For a while, it looked as though the Red Sox were simply going to win this in a breeze. It didn’t work out that way.
The Red Sox had won the first two games in the best-of-five series, taking both games in Anaheim. They scored first in this one, with two runs in the bottom of the third, and when the Angels had the temerity to score a run in the top of the fourth, they came back with three more.
The pitching matchup was between two right-handers: Bronson Arroyo for Boston against Kelvim Escobar for the Angels. Arroyo had been 10-9 (4.03 ERA) in the regular season; Escobar had been a comparable 11-12 (3.93). His ERA was the lowest among the Angels starters. The Angels had fared well against Arroyo during the season — 11 runs in 8⅓ innings.
Arroyo retired the first three batters he faced. Escobar walked leadoff batter Johnny Damon and allowed a single to the third batter, Manny Ramirez, but he struck out the other three batters he faced.
After surrendering a single to Garret Anderson, Arroyo responded by striking out the side in the top of the second. Escobar again granted a walk and a single, but no runs.
In the third, Arroyo hit a batter but otherwise retired the side.
In the bottom of the inning, the Red Sox put a couple of runs on the board. Mark Bellhorn led off with a base on balls — the third inning in a row Escobar had walked the leadoff batter. Manny Ramirez flied out to center. David Ortiz doubled high off the left-field wall, putting runners on second and third. Trot Nixon singled to right, driving in Bellhorn. Kevin Millar grounded out to second base, Ortiz scoring on the play. There was no further scoring, but it was 2-0, Boston.
In the top of the fourth, Arroyo induced Vladimir Guerrero and Anderson to hit popups to Bill Mueller at third base, but then Troy Glaus hit one over the left-field wall, completely out of the park, for a solo home run. Jeff DaVanon grounded out to first.
The Red Sox scored three more runs in the bottom of the fourth. Mueller reached on what was scored an error by Chone Figgins at second. Damon looped a single to left. Bellhorn walked. Ramirez hit a sacrifice fly just shy of the warning track in left field, easily scoring Mueller. With Ortiz coming up, Scioscia summoned Scot Shields to replace Escobar.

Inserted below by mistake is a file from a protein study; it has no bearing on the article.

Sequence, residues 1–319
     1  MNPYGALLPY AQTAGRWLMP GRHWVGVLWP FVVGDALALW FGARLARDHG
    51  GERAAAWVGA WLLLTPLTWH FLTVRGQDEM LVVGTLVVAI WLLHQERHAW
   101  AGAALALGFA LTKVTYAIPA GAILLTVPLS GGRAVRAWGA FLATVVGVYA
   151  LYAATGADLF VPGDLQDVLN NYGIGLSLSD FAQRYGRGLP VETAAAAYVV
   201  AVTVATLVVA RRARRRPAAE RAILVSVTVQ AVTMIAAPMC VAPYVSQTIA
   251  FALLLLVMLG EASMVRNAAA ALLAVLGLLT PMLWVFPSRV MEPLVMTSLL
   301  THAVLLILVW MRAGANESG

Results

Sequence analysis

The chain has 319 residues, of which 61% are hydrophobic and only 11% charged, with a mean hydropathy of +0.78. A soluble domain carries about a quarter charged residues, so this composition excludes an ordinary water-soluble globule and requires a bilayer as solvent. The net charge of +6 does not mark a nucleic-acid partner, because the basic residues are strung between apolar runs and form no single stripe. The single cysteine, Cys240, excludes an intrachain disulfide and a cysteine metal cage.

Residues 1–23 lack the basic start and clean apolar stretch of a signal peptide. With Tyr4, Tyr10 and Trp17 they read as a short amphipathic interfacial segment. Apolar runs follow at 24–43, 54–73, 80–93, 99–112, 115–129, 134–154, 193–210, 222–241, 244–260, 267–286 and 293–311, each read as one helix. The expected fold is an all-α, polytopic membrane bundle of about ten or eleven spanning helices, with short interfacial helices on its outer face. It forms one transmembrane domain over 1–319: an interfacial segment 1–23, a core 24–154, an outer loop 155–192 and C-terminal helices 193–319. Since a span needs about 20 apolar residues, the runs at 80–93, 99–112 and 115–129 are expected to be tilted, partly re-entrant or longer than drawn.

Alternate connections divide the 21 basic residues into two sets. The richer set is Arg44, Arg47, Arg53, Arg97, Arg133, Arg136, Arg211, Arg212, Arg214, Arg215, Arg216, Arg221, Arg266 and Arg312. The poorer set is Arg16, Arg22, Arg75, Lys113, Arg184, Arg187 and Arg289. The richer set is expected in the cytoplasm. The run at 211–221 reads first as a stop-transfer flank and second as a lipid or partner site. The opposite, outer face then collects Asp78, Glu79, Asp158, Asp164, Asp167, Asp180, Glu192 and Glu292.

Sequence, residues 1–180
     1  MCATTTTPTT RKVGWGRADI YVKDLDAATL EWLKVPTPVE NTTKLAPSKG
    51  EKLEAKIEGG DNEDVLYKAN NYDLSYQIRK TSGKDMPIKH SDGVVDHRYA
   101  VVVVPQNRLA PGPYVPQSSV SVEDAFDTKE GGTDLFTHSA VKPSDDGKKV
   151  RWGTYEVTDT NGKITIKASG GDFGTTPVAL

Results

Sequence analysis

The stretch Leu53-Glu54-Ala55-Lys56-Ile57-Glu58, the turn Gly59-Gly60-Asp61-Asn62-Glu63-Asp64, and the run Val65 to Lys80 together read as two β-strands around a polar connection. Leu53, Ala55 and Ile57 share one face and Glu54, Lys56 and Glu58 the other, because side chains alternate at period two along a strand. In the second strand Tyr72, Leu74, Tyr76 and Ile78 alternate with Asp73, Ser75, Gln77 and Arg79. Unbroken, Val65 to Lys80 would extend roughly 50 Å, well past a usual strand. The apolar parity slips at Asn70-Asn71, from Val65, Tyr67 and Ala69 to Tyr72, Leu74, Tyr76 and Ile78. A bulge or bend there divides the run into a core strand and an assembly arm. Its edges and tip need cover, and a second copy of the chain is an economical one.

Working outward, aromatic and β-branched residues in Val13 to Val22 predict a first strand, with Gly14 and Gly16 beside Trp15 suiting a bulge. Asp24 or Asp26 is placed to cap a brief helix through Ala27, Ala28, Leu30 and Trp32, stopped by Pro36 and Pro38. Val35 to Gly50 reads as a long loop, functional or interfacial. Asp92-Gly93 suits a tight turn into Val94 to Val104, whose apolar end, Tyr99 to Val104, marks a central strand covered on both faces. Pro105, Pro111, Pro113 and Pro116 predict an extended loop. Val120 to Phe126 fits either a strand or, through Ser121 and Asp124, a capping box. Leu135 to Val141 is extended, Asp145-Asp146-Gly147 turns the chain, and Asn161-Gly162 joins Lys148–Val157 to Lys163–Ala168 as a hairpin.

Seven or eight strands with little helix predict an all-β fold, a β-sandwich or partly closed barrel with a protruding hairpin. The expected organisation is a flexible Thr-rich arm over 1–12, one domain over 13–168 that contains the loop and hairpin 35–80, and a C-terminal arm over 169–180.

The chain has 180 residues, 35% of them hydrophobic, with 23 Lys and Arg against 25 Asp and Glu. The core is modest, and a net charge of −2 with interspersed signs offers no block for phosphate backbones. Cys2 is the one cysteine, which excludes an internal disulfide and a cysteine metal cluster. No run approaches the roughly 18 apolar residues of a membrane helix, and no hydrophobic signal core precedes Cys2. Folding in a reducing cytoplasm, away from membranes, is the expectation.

Ortiz doubled to right field, the ball getting past Guerrero and going all the way to the bullpen fence, driving in Damon. After Shields went to 3-and-0 on Nixon, Scioscia made the call and Nixon was walked intentionally. Millar reached on an error by shortstop David Eckstein while Bellhorn scored. Jason Varitek hit into a double play, but it was 5-1, Red Sox.
In the fifth, Arroyo struck out two, around a groundball that Varitek jumped on, several feet up the third-base line, fielded, and threw to first.
The Red Sox added one more run in their half of the fifth on singles between first and second by Mueller and Damon, and then Ramirez, who dropped an RBI single into right.
Neither side scored in the sixth.
In the top of the seventh, Arroyo walked leadoff batter DaVanon. Francona brought in left-hander Mike Myers to relieve Arroyo, who left to a standing ovation. Myers walked José Molina. Mike Timlin came in to pitch. After Timlin got one out, Eckstein singled to load the bases. Timlin struck out Figgins for out number two. He walked Darin Erstad, though, on seven pitches, forcing in a run. And then Vladimir Guerrero quieted the crowd at Fenway Park with a home run over the Red Sox bullpen, a grand slam that tied the score, 6-6. Alan Embree got the final out.
Brendan Donnelly had put Boston down in order in the sixth. He did so again in the seventh.
Embree walked one in the top of the eighth, and Keith Foulke came in to relieve and get the final two outs. Francisco Rodriguez pitched to the Red Sox in the bottom of the eighth. After striking out the first two, he allowed a single and walk but then got a groundout.